Already present in half a dozen Latin American countries, Italian solar developer Thesan sees Argentina as a new frontier as the country becomes more attractive thanks to the RenovAr program and two successful electric power tenders, although challenges remain.
With the country’s RenovAr program well underway, Argentina plans to introduce distributed generation policy in 2018, providing a further boost to solar development.
With contracts signed in January for the first solar projects awarded in Argentina’s renewables tender, the north-western province of Salta is about to make its mark on the country’s solar map. Salta will be one of the focus regions during the El Futuro Solar Argentina conference (Buenos Aires, 28-30 March) and the province’s Electricity General Director, Jorge H. Giubergia, will take the stage to present his Energy Secretariat’s vision.
Argentina launched its renewable energy drive with the RenovAr program in May, with the first round of the process aimed at adding 1 GW of capacity to the country’s grid now complete, garnering an enthusiastic response among developers, but challenges lie ahead.
With no further doubts, the holdout settlement is a milestone for Argentina’s endeavors to rise again after the economic and political crisis in the early 2000s. Yet, it is only the first item on the agenda of the Macri administration, which has more ambitious plans set up for the country. Renewable energy is the next major target.
A record-breaking El Niño weather phenomenon could force Latin American countries to diversify away from hydro and towards PV.
Chile’s main PV association wants the government to foster distributed generation like it has done for grid-scale projects.
It’s been over a decade since the last visit of the US president to Buenos Aires, capital of the second largest Latin American country with a world famous heritage of football and tango. President Obama visited the country on March 16, 2016, shortly after President Macri, inaugurated in December 2015, reached a deal with the decade-long holdout creditors, a legacy of the country’s grave financial crisis in the early 2000s. Mr. Macri, former senior analyst at Sideo Americana, a Macri family enterprise specializing in civil construction, and two-term chief of government of Buenos Aires, may be the one to reconnect this alienated country back to the global financial market.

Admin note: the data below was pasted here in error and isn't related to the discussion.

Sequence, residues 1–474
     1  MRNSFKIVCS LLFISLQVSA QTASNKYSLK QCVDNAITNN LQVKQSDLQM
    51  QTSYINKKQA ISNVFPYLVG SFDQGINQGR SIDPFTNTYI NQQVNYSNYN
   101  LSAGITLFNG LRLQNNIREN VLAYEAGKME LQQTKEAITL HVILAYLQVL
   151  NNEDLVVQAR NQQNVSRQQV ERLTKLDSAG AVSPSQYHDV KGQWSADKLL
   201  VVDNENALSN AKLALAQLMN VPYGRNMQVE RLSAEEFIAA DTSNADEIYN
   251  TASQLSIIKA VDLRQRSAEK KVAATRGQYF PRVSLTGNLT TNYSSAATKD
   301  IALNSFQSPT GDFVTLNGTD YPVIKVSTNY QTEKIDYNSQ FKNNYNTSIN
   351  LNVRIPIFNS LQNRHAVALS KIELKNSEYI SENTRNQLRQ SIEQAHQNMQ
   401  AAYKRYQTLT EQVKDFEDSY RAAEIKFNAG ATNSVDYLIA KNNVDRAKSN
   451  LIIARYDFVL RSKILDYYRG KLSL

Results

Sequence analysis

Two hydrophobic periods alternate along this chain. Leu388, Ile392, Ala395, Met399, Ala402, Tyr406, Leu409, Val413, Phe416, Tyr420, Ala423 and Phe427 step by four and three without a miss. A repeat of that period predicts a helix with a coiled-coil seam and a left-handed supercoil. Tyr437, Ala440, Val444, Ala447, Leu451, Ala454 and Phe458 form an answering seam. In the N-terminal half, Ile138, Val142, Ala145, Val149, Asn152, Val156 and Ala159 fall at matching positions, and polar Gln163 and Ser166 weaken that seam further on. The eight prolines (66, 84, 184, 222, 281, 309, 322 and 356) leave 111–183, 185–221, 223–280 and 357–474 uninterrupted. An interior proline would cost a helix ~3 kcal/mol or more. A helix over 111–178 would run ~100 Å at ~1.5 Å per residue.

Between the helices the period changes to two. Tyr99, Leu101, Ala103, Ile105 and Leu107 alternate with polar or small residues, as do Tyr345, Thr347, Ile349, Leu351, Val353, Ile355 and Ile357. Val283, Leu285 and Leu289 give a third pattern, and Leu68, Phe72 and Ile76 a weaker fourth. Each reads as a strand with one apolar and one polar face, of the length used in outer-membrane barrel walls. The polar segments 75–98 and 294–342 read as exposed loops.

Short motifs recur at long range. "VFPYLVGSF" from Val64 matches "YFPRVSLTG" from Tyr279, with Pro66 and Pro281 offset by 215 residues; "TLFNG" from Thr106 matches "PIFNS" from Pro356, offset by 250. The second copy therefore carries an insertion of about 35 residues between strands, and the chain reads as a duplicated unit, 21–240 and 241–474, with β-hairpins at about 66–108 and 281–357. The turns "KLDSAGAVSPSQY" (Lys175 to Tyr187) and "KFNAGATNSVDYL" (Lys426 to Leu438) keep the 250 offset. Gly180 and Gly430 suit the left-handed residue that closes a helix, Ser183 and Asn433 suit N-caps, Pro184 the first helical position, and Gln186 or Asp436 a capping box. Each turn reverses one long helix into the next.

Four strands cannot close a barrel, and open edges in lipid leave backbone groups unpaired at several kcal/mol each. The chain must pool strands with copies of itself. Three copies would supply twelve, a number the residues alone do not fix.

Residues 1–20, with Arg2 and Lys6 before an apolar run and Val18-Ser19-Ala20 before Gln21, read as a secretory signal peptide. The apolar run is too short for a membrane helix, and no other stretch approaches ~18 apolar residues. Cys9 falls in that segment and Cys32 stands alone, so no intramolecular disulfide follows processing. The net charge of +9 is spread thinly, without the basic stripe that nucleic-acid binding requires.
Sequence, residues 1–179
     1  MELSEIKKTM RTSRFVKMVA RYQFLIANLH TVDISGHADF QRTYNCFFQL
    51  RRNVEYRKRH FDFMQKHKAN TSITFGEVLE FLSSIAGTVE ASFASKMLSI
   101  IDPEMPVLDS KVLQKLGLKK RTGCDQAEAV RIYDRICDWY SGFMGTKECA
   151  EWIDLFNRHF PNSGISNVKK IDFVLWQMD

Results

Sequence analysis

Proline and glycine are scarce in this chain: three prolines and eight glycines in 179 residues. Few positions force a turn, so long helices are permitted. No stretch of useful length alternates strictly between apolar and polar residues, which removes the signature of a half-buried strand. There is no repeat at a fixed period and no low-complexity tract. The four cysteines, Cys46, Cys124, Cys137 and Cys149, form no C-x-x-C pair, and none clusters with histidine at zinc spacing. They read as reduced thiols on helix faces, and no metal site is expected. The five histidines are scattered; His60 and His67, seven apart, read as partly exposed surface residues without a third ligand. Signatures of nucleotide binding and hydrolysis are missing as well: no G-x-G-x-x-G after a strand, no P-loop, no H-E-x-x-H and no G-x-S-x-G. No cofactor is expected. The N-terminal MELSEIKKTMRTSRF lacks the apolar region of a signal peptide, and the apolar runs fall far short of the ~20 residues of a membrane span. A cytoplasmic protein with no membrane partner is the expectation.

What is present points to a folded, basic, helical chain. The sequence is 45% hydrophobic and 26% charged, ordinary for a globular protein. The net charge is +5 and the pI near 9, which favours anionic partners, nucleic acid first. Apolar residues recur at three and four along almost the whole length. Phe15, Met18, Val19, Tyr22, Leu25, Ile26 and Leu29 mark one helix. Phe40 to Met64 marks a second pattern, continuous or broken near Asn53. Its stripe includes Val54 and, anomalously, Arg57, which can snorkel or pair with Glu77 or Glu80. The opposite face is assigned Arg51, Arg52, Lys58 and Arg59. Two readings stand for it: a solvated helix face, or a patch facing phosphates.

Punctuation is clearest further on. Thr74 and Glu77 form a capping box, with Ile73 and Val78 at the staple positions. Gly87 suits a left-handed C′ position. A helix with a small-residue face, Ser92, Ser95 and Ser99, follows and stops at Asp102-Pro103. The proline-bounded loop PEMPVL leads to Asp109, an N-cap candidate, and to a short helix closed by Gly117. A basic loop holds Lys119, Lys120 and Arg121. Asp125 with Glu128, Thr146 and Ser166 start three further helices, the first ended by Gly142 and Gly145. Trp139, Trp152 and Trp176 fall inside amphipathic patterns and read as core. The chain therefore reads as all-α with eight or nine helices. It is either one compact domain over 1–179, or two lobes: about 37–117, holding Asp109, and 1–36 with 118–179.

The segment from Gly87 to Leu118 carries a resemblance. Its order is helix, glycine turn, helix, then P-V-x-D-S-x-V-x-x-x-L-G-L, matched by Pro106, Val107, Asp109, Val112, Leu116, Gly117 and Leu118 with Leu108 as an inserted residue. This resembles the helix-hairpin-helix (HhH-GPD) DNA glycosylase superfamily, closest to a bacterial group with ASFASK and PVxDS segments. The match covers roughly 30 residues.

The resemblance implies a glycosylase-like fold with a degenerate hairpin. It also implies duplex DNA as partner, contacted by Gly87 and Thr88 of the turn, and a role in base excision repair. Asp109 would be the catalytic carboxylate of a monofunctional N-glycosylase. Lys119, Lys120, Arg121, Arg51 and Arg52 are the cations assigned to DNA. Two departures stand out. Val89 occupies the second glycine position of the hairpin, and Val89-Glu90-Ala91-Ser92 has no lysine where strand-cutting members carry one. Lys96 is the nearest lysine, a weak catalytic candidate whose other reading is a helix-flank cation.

Vida Silvestre celebra la creación del Ministerio de Ambiente, anunciado por el futuro presidente Mauricio Macri dentro de su gabinete. El nuevo Ministerio permitirá que las cuestiones ambientales tengan más relevancia y autonomía.
PARIS — President-elect Mauricio Macri’s representative at the COP21 climate change summit in the outskirts of the French capital wants to make sure the world knows Argentina plans to start taking the issue of global warming a lot more seriously and will increase the country’s commitment to the cause.
Argentina is poised to approve the final details of a new law designed to give a boost to renewable energy as President Mauricio Macri steps up his efforts to fight climate change.
New rules allowing consumers to get back the solar energy they put into the grid look set to help distributed PV in Brazil.
Chinese concerns are eyeing Argentinean solar but it is unclear who else will brave the market.
One of Ecuador’s top solar developers has shunned European lenders in favour of a bank “committed to the development of Latin America.”
Moves are underway to establish a new green bank in a newly industrialised country such as Chile, India or Mexico.